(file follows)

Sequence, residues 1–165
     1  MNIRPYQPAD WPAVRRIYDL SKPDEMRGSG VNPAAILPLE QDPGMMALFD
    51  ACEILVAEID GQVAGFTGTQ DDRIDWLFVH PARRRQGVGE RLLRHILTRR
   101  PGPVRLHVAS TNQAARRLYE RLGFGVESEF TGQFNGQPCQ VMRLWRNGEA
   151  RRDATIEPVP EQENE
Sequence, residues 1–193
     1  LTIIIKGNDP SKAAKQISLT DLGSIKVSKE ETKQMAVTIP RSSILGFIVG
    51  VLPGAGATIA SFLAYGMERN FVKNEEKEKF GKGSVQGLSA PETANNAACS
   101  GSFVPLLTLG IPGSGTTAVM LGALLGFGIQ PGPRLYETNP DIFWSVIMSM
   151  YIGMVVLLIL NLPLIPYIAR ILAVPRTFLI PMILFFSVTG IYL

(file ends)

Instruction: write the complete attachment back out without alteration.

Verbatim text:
Sequence, residues 1–165
     1  MNIRPYQPAD WPAVRRIYDL SKPDEMRGSG VNPAAILPLE QDPGMMALFD
    51  ACEILVAEID GQVAGFTGTQ DDRIDWLFVH PARRRQGVGE RLLRHILTRR
   101  PGPVRLHVAS TNQAARRLYE RLGFGVESEF TGQFNGQPCQ VMRLWRNGEA
   151  RRDATIEPVP EQENE
Sequence, residues 1–193
     1  LTIIIKGNDP SKAAKQISLT DLGSIKVSKE ETKQMAVTIP RSSILGFIVG
    51  VLPGAGATIA SFLAYGMERN FVKNEEKEKF GKGSVQGLSA PETANNAACS
   101  GSFVPLLTLG IPGSGTTAVM LGALLGFGIQ PGPRLYETNP DIFWSVIMSM
   151  YIGMVVLLIL NLPLIPYIAR ILAVPRTFLI PMILFFSVTG IYL